NEW ROCHELLE, N.Y.—Since the détente between the U.S. and Cuba began on December 17, 2014, most travel related costs soared between 100-400 percent due to a massive spike in U.S. and Canadian travelers. Mandated pricing increases from state agencies and hotels, in attempt to cool down overheating demand, has finally waned. For the first time since early 2014, prices issued from state run agencies and hoteliers alike have decreased this spring, summer, and fall. InsightCuba, a single destination tour operator, providing legal travel to Cuba since 2000, responded immediately by passing the savings on to the consumer.
“This is the first time we’ve seen costs come down instead of up, in three years,” says Tom Popper, president of insightCuba. Popper recalls, during a February 2015 tourism meeting in Havana, the Minister of Tourism announced that hotel costs were increasing 100 percent to help deal with overwhelming demand for tourism in Cuba. Since then, costs periodically increased 15-20 percent on top of the initial 100 percent increase throughout 2015 and 2016. Standard room rates, especially in Havana, for some the more desirable hotels jumped from $150/night to $650/night and up.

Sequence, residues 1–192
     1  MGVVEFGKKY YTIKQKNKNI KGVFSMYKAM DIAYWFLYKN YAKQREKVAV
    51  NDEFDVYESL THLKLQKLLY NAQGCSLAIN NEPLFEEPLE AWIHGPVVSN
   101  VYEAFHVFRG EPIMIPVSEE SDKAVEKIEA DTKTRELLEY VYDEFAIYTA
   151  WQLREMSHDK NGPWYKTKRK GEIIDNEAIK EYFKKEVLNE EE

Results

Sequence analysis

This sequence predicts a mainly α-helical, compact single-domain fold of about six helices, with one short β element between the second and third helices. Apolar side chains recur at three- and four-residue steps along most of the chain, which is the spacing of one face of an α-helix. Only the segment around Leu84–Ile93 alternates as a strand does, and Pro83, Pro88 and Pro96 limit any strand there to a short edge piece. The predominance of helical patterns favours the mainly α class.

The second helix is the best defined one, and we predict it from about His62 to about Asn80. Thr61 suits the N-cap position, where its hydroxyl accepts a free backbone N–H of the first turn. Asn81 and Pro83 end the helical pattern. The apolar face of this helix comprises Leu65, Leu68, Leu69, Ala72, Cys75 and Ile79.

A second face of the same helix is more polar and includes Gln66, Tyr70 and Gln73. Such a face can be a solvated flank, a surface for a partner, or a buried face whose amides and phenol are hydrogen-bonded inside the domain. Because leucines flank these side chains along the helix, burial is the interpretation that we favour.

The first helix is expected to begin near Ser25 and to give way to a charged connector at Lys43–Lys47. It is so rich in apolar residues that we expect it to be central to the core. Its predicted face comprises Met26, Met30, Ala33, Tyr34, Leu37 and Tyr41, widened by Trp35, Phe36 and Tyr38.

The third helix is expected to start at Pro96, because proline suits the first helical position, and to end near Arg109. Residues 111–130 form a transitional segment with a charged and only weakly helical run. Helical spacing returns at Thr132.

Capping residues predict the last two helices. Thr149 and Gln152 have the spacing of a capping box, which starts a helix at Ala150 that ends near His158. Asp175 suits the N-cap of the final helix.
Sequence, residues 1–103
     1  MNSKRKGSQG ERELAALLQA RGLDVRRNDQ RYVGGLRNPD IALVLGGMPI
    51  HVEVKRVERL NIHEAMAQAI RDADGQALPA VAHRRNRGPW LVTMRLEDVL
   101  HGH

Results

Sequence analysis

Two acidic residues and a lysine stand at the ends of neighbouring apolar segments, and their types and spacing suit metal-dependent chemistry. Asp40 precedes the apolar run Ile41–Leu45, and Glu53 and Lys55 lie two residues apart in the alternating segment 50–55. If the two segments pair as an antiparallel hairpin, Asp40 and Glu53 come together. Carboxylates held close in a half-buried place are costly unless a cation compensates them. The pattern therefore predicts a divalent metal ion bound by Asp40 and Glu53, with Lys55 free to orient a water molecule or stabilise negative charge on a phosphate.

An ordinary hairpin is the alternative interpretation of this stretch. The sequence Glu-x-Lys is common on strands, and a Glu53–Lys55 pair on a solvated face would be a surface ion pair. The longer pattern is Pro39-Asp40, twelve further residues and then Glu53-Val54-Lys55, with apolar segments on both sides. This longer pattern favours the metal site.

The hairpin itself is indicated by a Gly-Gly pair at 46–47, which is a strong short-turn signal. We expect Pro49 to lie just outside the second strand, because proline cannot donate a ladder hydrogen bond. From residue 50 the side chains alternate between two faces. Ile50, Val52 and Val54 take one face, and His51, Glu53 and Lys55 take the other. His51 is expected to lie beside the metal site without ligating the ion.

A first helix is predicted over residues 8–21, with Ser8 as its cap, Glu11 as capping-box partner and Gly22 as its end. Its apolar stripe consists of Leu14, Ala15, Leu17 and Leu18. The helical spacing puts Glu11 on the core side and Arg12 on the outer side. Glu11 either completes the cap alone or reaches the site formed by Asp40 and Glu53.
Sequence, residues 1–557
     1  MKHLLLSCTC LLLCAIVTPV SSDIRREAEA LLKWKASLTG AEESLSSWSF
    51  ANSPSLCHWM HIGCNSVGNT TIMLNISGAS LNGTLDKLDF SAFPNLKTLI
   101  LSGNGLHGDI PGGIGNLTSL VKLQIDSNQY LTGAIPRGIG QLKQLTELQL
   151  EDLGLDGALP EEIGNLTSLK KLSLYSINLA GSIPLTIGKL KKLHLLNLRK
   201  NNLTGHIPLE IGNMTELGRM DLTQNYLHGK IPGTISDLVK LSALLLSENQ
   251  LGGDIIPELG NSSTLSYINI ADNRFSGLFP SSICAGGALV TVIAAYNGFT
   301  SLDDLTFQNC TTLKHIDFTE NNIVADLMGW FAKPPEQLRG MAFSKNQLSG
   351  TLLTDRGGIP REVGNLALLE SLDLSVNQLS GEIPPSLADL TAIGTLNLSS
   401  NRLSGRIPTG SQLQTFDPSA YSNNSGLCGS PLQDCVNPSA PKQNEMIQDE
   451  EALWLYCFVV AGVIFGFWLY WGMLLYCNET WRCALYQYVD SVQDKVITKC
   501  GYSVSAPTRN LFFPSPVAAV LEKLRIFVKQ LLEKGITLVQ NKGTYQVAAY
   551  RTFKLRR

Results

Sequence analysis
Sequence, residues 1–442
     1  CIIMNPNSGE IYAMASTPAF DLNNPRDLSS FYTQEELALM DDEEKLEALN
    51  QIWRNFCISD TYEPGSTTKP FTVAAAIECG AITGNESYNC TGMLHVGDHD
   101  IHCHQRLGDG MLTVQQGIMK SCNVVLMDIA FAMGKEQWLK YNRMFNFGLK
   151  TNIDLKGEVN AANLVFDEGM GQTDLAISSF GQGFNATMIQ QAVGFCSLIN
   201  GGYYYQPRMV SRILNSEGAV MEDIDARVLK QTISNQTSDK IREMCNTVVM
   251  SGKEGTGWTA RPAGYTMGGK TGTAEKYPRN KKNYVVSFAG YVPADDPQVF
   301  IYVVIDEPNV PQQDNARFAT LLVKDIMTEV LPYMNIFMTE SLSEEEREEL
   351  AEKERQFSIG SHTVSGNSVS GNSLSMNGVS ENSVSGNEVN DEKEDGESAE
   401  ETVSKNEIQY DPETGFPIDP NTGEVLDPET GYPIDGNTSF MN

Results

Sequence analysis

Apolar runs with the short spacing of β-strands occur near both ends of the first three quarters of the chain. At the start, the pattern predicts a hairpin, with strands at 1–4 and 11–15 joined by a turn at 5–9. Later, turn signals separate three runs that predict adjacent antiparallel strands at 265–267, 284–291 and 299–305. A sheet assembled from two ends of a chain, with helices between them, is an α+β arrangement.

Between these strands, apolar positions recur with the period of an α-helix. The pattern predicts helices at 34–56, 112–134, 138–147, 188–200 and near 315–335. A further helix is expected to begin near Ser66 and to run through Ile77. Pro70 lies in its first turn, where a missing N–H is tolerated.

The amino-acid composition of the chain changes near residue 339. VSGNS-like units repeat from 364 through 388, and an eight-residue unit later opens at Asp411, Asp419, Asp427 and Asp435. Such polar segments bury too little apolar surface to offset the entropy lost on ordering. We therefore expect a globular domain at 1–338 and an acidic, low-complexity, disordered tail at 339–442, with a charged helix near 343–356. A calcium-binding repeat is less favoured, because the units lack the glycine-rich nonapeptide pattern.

Early on, some experts in travel signaled that with further changes to U.S. regulations, the opening of the U.S. Embassy in Havana, and commercial flights, that prices would fall. However, with demand outstripping supply with regard to hotel rooms and other aspects of Cuba’s tourism infrastructure, prices naturally rose. “The question was, for how long were prices going to increase or stay at artificially inflated levels. At some point the market would force a correction,” says Popper.
Hotel costs aren’t the first to recognize that a correction in prices may be needed. Taxi fares, which more than doubled in the past two years, have started to come down. But not every segment of the tourism economy in Cuba is responding as quickly. Classic car rides, meals at the more popular paladares (private family run restaurants), and other services have double or tripled in price in just a few months.
Popper cautions, that the Cuba travel market will continue to look for its pricing equilibrium over time and as political events unfold, prices may again go up and down. “While we’re looking at a decrease in costs for this spring, summer and fall, anything can happen for the 2017 and 2018 winter season.”